The Western Australian Labor government has labelled an unexpectedly ambitious clean energy policy from the WA Liberal opposition as too costly and unrealistic, suggesting the plan reflects the inexperience of the WA Liberal leader Zak Kirkup.
Western Australian energy minister, Labor’s Bill Johnston, said he was “horrified” by the WA Liberal’s surprisingly ambitious “New Energy Jobs Plan”, that would see the conservative party commit to closing government owned coal-fired power stations by 2025, and invest in 4,500MW of new wind and solar generation to power an emerging hydrogen sector.
The WA Liberals unveiled their energy platform last week, which included commitments to build new network infrastructure to support the construction of new renewable energy projects, along with a commitment to build a 500MW big battery – while supporting workers at the Muja and Collie coal fired power stations that the party said it would close.
Responding to the plan, Johnston labelled the plan as risky and too costly during an energy election debate hosted by the Australian Institute of Energy on Tuesday.
“I was quite horrified to see the Liberal Party’s announcement last week. This is too risky. It’s not a realistic plan for this state’s energy and it reflects Mr Kirkup’s inexperience,” Johnston told the debate.
“It’s simply not possible for two members of parliament and staffer to write a genuine plan for the future of energy in Western Australia. It’s too risky.”
Johnston said that he had prepared a series of costings of the WA Liberal’s energy plan, seen by RenewEconomy, which totalled $16.73 billion, and called on WA Liberal energy spokesperson, Dr David Honey, to release his own detailed costings of the policies.
Much of these costs relate to the management of the state’s energy contracts, with the plan requiring state-owned electricity retailer Synergy to re-negotiate a number of supply contracts with existing and new generators.
“I’m not saying they’re fully developed costings, what they are, is a reasonable assumption about the costs involved in that project,” Johnston said. “I invite Dr Honey to set out what the what he says are the costs. If he does not accept my costings, what cost is he attached to that to that reckless policy that shows the inexperience that’s risking Western Australia.”
The response creates the unusual situation where a chapter of the Liberal party is being accused of being too ambitious in its plans for clean energy and emissions reduction – with a Labor government seeking to position itself as the ‘sensible’ and more cautious party.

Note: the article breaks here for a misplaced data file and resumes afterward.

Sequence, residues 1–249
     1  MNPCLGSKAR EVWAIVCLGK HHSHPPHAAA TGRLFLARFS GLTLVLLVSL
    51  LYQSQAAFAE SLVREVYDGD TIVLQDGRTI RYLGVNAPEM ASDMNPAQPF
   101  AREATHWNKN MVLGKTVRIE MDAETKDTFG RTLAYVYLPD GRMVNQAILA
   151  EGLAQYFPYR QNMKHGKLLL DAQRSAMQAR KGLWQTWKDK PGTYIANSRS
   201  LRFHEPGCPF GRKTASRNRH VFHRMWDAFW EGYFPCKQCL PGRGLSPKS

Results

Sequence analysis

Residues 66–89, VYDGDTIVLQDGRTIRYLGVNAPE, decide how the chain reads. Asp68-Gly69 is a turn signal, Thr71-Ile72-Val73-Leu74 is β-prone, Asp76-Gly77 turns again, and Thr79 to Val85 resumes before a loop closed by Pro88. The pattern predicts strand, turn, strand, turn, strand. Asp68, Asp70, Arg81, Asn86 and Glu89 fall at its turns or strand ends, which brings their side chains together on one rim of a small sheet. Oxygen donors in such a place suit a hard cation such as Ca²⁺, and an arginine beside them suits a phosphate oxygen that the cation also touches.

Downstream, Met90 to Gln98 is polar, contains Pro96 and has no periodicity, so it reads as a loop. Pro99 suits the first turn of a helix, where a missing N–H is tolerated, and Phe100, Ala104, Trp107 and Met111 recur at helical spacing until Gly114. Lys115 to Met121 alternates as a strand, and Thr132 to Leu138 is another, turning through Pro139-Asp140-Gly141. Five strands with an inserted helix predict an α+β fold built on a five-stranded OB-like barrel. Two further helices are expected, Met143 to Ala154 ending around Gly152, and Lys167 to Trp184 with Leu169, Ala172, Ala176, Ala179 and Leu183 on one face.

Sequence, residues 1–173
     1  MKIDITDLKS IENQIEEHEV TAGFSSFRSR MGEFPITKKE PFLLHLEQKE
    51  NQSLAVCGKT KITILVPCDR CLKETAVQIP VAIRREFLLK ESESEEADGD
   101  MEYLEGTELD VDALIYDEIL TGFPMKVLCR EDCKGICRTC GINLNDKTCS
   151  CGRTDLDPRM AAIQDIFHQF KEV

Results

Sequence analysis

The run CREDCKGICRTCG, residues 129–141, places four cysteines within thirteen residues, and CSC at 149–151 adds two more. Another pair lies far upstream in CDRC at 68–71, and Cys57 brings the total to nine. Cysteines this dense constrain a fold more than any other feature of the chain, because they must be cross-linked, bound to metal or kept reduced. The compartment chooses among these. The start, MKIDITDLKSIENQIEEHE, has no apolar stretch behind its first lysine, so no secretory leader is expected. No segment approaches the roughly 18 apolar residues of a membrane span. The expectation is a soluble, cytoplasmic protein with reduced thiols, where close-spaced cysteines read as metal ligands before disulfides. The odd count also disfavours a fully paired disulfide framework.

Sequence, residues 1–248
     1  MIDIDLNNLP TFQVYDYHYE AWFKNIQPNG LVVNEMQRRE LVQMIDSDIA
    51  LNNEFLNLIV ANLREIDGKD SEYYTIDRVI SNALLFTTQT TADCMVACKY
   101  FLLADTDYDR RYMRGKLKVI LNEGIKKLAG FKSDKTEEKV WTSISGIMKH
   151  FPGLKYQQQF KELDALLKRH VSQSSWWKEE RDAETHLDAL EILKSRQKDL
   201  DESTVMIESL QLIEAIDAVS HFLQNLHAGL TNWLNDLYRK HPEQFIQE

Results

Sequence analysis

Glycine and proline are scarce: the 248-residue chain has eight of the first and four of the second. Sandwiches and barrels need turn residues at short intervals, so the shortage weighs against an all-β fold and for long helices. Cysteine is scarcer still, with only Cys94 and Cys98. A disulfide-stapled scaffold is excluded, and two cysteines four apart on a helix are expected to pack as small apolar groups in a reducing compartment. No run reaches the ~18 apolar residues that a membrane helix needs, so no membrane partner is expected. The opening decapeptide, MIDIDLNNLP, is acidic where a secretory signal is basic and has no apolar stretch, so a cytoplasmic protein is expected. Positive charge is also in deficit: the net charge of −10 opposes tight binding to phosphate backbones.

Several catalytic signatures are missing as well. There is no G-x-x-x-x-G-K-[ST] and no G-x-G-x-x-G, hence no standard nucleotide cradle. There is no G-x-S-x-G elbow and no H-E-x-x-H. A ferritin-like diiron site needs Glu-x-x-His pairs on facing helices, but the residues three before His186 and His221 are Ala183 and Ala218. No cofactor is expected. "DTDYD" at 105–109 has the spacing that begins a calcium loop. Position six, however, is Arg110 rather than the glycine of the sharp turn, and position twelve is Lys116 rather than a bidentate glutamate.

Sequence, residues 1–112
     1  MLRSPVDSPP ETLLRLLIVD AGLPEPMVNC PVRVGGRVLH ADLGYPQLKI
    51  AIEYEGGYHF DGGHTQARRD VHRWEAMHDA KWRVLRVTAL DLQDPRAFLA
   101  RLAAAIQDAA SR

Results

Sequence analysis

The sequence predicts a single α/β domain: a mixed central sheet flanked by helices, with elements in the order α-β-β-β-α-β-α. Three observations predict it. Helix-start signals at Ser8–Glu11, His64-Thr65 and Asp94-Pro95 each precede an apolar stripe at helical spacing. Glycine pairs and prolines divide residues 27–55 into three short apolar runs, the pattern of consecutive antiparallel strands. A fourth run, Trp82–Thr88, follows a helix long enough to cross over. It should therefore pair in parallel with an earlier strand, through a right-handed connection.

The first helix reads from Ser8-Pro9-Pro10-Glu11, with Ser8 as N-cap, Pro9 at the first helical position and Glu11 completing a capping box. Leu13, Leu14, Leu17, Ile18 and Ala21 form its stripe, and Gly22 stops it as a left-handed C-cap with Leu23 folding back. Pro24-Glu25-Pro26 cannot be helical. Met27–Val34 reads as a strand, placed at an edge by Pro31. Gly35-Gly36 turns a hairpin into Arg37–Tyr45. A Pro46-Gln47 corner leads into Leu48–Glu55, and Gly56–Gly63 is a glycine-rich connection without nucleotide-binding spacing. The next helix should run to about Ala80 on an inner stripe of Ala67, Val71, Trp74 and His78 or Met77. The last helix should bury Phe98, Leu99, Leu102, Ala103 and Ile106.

Western Australia will elect the next state government on March 13, with the incumbent Labor party expected to be safely returned for another term, thanks to the popularity of premier Mark McGowan’s response to the Covid-19 pandemic.
The WA Liberals recently appointed 33-year-old, first term MP, Zak Kirkup to lead the party into the state election and Labor has sought to label the WA Liberal opposition as too inexperienced to run the state.
WA Liberal energy spokesperson, Dr David Honey, defended the party’s clean energy plan, saying it was important that governments show leadership in the energy transition.
“We believe that Western Australia and this is the government should be targeting zero net emissions by 2030. And that’s two decades earlier than Labor,” Honey said.
“We believe we’ll achieve this by the private sector investing $3 billion in 1,500 megawatts of renewable energy in the Midwest. We believe that the government’s coal fired power stations should be shut down and, can I say, they’re shutting themselves down because they’re not baseload, they swing and they’re up and down like a yo-yo.”
“And I know I ran boilers in my previous life, it destroys the boilers in those facilities, and their costs are enormous,” Honey added.
Johnston rejected suggestions that in light of the WA Liberal’s announcement that the Labor party lacked an ambitious plan for the energy transition, calling on the federal coalition to lift its own ambition.
“We have a very ambitious target, we have net zero by 2050 years as our target. If the Commonwealth Government wants to change the 2030 target for Australia, we would welcome that. And we would very much like to work with the federal government, if we could convince them to change their target,” Johnston said.
WA Greens energy spokesperson, Tim Clifford, said that it was important that the state’s energy policies extend beyond just the government’s own activities and government owned energy projects.
“The centrepiece of the Greens’ energy policy is a commitment to legislating a renewable energy target of 100% renewable energy by 2030 and a target of net zero emissions by the year 2035,” Clifford said.
“There are many opportunities in zero carbon transitions, and the Greens are committed to making most of them. However, in order to do so, WA must legislate renewable energy and net zero emissions target across the whole of the economy and not just government assets,” Clifford added.